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Automotive Industry

Computer-regulated nitriding has made great headway in the automotive branch often replacing traditional gas nitriding, salt bath and ion (also known as plasma) nitriding, as well as carburizing. A number of automotive manufacturers are specifying surface properties that would be difficult or impossible to achieve without the use of controlled nitriding methods. Besides, close tolerances specified for a number of critical components call for, among other factors, close temperature control. The Nitrex series of nitriding furnaces is capable of achieving temperature uniformity within ▒ 3░ C throughout the retort.

Comparison table shows the advantages and disadvantages of different nitriding methods currently employed. 

Nitriding properties required: Wear resistance, anti-seizure properties, corrosion resistance, fatigue resistance.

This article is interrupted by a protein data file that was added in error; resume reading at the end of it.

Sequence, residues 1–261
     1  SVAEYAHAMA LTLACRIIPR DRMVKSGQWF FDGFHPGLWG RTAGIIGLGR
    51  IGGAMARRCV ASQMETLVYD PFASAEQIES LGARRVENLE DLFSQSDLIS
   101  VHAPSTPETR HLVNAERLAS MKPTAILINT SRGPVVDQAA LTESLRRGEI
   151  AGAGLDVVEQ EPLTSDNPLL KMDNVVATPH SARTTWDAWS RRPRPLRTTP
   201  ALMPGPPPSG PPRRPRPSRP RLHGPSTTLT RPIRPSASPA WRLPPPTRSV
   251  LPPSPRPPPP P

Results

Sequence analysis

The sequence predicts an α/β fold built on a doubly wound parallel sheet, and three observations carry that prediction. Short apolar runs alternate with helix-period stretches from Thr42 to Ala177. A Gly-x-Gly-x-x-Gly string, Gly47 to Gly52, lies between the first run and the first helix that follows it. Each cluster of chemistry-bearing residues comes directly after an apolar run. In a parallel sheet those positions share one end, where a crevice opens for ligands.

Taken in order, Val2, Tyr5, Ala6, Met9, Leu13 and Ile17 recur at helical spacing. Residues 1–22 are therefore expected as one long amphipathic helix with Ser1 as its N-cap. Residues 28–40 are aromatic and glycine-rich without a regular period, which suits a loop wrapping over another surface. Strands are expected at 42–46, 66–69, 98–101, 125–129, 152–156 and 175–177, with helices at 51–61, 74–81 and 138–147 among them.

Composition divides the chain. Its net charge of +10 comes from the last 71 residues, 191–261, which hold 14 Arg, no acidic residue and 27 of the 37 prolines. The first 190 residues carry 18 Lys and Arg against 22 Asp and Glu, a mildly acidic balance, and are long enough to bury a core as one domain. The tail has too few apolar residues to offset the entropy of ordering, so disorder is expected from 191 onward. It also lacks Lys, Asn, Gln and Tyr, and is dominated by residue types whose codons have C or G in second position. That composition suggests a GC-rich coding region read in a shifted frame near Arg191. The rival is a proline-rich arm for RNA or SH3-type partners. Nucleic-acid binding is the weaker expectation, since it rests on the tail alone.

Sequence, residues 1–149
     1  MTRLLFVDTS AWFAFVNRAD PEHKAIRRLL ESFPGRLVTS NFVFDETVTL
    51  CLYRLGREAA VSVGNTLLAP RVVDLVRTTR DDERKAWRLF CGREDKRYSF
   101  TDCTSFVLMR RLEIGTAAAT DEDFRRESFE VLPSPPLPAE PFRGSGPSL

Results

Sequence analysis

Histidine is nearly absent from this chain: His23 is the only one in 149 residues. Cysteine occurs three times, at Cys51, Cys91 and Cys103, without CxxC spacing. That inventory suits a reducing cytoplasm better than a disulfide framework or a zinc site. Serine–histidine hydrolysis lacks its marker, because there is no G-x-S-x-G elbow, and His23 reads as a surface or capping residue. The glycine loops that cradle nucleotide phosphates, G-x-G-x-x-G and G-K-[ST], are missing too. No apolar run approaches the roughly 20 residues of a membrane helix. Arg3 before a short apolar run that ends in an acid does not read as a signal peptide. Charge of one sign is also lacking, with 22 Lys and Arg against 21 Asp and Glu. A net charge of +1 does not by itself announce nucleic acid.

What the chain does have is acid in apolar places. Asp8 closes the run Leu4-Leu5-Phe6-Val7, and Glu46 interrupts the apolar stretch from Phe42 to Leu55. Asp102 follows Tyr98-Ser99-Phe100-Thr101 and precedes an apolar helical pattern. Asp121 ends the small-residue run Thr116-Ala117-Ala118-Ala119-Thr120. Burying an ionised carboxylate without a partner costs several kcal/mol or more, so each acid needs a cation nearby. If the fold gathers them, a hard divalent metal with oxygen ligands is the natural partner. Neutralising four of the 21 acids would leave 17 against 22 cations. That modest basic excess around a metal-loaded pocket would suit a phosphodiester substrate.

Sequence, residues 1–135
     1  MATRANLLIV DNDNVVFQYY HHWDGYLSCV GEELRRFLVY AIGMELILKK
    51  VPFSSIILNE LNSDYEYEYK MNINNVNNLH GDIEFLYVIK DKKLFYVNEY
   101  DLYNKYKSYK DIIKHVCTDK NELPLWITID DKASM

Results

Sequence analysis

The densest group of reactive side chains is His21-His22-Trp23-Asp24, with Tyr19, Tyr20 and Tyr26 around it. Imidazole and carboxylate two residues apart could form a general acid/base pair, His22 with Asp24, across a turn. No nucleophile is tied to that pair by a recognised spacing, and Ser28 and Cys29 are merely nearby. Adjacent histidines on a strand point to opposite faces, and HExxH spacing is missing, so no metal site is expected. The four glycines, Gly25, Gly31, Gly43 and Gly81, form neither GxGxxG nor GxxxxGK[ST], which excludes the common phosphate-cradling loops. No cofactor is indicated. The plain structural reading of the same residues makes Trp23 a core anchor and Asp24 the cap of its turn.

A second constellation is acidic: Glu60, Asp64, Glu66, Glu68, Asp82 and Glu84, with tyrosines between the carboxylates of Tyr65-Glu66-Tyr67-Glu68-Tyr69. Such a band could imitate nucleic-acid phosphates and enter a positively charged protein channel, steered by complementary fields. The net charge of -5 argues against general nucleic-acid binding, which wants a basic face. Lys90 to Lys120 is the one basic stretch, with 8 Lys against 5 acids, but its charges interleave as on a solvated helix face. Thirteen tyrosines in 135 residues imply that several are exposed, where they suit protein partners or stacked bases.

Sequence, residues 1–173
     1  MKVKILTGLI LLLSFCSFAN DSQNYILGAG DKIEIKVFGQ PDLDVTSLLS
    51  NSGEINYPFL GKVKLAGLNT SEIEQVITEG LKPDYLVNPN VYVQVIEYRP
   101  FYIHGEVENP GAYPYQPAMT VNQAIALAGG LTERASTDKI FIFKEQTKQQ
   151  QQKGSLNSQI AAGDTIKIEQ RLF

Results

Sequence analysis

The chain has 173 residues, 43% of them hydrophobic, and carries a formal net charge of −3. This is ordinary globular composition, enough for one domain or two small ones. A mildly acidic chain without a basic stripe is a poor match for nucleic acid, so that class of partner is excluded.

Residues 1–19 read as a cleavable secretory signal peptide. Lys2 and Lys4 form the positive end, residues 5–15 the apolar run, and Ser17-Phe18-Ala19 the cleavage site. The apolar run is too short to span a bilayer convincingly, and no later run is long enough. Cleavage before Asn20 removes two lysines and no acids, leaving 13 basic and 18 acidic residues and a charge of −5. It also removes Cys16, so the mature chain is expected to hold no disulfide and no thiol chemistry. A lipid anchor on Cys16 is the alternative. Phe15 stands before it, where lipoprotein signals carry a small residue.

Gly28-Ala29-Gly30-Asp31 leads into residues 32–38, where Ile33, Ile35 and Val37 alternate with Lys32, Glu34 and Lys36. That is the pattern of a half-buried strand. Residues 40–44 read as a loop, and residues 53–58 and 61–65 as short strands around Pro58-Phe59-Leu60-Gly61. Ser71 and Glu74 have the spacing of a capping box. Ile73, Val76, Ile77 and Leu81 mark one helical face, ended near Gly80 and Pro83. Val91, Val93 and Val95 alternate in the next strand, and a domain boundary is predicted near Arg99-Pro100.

Case study: In non-alloyed steels and cast irons, Nitreg« nitriding produces practically only a compound layer composed of gĹ or e+gĹ nitrides. The surface hardness is not very high (HV1 = 320 - 380 for mild steel, 400 - 580 for cast iron), but sufficient to improve wear resistance considerably. At the same time, in conditions of insufficient lubrication, the resistance to galling, or seizure, is strongly improved. A typical example is a clutch hub made of low carbon steel. The requirement is a 6 Ám minimum compound layer, and passing a specified long-term wear test. In the first approach, by one supplier, plasma nitriding was employed. However, the required case depth uniformity over the whole profile of the spline teeth could not be met. Nitreg« proved to be superior with respect to white layer requirements and the layer itself was found to be more uniform, especially in the fillets. After the test involving 1500 load cycles, the Nitreg« nitrided surface was still free of any signs of wear.

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